Perky’s Pizza rustles up a variety of traditional and imaginative pizzas for famished families. With the family combo meal, banqueting broods choose one large signature pizza from Perky's Pizza's doughy roster, relieving a meat-masticating hankering with the double-cheeseburger deluxe, loaded with crispy bacon, hearty beef, and zesty barbecue sauce, or floating away on the Maui Wowie, which features chicken and sweet pineapple basking in a beach of red sauce. Choosy chowhounds point their noses toward the also-included one-topping pizza, selecting a meat, vegetable, or fat-free mineral to add sustenance. Six breadsticks take a dip in garlic or cinnamon before joining the culinary crew, and a troop of 12 chicken wings marches into position while chanting fight songs before being defeated by mercenary molars. Like bookends, a family-sized garden salad and dessert support the meal on either end.
Working from a playbook of family recipes handed down through generations, the founders of Sicilian Joe’s Pizzeria, Joseph and Maria Butera, instill every menu item with Sicilian tradition. Pie-smiths daily prepare each topping for Joe’s thin-crust pizzas, dicing fresh vegetables and grating mozzarella cheese. Then, they sprinkle them on homemade dough, baking the disks to a golden brown by using them as shields against the laser-eyed attacks of robot armies. Guests can customize every pizza with a variety of accessories, from classics such as anchovies, pepperoni, and sliced tomatoes to tangier flavors including blue cheese and hot or mild giardiniera relish. For no additional charge, chefs can also add or remove sauce, omit the cheese entirely, or replace the 2-liter soda’s bottle cap with a fresh broccoli cork.
Durbin’s rewards watering mouths with a roster of gratifying pub fare, a full bar, and an idyllic outdoor beer garden at every location. Durbin's menus vary slightly between locations, united by an emphasis on meaty sandwiches, comforting fried nosh, pizza, and trademarked ribs. Prime appetites with a Durbin’s Combo—mozzarella sticks, chicken wings, potato skins, and onion rings ($8.50)—or the Kelly Special's mozzarella-topped butterflied filet mignon on toasted garlic bread ($10.95). Durbin's slow-smokes its signature “Branding Iron” ribs over an open pit of smoldering hickory wood, basting them with secret-recipe barbecue sauce and whispering sweet, flaming nothings to them tenderize the meat ($11.95 for a half slab; $18.95 for a full slab). The 14-inch stuffed sausage pizza’s layers of meat and cheese are trapped between its saucy crust, forming a delicate closed ecosystem of Italian flavor ($17.95).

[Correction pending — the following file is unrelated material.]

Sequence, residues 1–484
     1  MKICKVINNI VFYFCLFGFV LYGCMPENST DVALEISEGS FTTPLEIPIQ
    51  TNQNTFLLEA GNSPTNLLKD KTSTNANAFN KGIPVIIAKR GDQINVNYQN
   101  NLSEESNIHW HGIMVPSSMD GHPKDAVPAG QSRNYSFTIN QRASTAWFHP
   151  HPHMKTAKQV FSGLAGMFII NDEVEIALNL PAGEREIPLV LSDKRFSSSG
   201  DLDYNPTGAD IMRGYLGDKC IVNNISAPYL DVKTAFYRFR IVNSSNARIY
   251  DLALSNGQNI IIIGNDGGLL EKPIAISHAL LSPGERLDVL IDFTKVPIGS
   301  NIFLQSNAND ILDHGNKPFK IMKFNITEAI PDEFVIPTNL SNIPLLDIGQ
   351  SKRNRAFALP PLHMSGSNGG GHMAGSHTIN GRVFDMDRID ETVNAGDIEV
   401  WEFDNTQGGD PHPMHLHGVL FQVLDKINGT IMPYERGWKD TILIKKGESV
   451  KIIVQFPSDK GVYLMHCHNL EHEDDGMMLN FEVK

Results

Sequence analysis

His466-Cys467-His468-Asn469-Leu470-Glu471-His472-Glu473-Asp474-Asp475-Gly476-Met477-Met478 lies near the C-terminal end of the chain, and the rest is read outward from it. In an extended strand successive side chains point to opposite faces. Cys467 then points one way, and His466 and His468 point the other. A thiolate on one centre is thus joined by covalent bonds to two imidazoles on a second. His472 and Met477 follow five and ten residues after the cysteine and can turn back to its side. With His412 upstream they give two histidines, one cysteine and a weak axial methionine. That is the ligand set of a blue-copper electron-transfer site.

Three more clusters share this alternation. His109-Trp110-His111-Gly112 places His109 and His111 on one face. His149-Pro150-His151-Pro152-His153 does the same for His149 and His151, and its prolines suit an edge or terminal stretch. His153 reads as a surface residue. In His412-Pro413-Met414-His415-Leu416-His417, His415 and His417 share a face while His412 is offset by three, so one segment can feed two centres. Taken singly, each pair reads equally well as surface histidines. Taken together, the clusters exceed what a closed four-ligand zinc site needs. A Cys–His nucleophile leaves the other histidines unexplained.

Renowned chef Michael Papandrea leads a team of culinary craftspeople as they create wide-ranging Italian fare including shrimp, veal, and pasta dishes, as well as a slew of sandwiches. Pizza artisans bake hand-pulled crusts directly on stone, bestowing each round foundation with a scrumptiously crispy texture and excellent posture. The eatery’s pesto sauce kicks butter to the curb, while cheesy bread stashes gooey mozzarella inside an italian loaf prior to baking. Parmesans’ skilled staffers deliver catered fare and set up the Italian nibbles, freeing up hosts to light candles, arrange flowers, and retrieve the special-occasion china from the basement’s 7,926-mile hole leading to the other end of the world.
Al Ferreri, his sister Frances, and his brother-in-law Chris Pacelli Sr., developed their signature italian-beef sandwich out of necessity in 1938. The economic depression made meat harder to come by, so the trio of sandwich makers made their supplies last by cutting thinner slices of roast beef.
Their business started with them feeding guests at family weddings, delivering meals to local hospitals, and catering the country's first food fight, but they soon founded a more permanent curbside food stand in Chicago's Little Italy neighborhood. Despite their relatively humble beginnings, Al's Beef & Nancy's Pizzeria rapidly expanded and now boasts franchises throughout the Chicago area and across the country. The family business has garnered plentiful acclaim throughout the years, having been named Adam Richman's best sandwich in the Midwest on the Travel Channel show Best Sandwich in America in June 2012, appearing on Richman's Man v. Food and earning a place on Esquire's list of The Best Sandwiches in America in 2008.
The cooks begin every morning by roasting cuts of beef for the day, kneading fresh pizza dough, and cutting french fries with an industrial-strength laser pointer. The hearty italian-beef sandwiches can emerge from the kitchen with simple, unadorned meat or with blankets of melted cheese and spicy housemade giardiniera. The pizzas range from crispy thin-crust disks to deep-dish pies with 2.5-inch-thick crusts, supporting any combination of the 24 available toppings, which include oven-roasted garlic, baby spinach, and bacon.